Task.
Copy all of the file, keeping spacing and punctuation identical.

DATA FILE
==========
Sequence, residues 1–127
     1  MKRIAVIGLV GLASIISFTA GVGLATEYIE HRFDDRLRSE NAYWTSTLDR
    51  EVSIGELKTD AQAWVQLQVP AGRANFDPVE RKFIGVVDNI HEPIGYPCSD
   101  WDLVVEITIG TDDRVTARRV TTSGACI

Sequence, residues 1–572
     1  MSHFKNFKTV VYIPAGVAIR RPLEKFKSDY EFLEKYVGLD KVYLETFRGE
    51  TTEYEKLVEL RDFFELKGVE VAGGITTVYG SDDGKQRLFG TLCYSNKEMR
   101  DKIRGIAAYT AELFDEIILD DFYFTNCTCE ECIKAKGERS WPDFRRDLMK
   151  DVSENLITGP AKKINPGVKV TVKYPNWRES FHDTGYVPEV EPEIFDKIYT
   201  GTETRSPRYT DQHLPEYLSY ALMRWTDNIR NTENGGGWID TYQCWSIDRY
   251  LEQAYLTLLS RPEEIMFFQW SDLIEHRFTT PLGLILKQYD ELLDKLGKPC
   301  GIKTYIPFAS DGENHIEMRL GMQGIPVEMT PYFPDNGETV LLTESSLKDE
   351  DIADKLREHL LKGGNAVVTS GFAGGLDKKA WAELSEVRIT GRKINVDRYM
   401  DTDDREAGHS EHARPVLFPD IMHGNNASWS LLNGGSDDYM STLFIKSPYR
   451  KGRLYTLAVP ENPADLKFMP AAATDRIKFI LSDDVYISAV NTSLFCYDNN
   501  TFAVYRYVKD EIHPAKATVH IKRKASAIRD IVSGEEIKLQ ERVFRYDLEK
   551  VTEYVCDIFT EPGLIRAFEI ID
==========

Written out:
Sequence, residues 1–127
     1  MKRIAVIGLV GLASIISFTA GVGLATEYIE HRFDDRLRSE NAYWTSTLDR
    51  EVSIGELKTD AQAWVQLQVP AGRANFDPVE RKFIGVVDNI HEPIGYPCSD
   101  WDLVVEITIG TDDRVTARRV TTSGACI

Sequence, residues 1–572
     1  MSHFKNFKTV VYIPAGVAIR RPLEKFKSDY EFLEKYVGLD KVYLETFRGE
    51  TTEYEKLVEL RDFFELKGVE VAGGITTVYG SDDGKQRLFG TLCYSNKEMR
   101  DKIRGIAAYT AELFDEIILD DFYFTNCTCE ECIKAKGERS WPDFRRDLMK
   151  DVSENLITGP AKKINPGVKV TVKYPNWRES FHDTGYVPEV EPEIFDKIYT
   201  GTETRSPRYT DQHLPEYLSY ALMRWTDNIR NTENGGGWID TYQCWSIDRY
   251  LEQAYLTLLS RPEEIMFFQW SDLIEHRFTT PLGLILKQYD ELLDKLGKPC
   301  GIKTYIPFAS DGENHIEMRL GMQGIPVEMT PYFPDNGETV LLTESSLKDE
   351  DIADKLREHL LKGGNAVVTS GFAGGLDKKA WAELSEVRIT GRKINVDRYM
   401  DTDDREAGHS EHARPVLFPD IMHGNNASWS LLNGGSDDYM STLFIKSPYR
   451  KGRLYTLAVP ENPADLKFMP AAATDRIKFI LSDDVYISAV NTSLFCYDNN
   501  TFAVYRYVKD EIHPAKATVH IKRKASAIRD IVSGEEIKLQ ERVFRYDLEK
   551  VTEYVCDIFT EPGLIRAFEI ID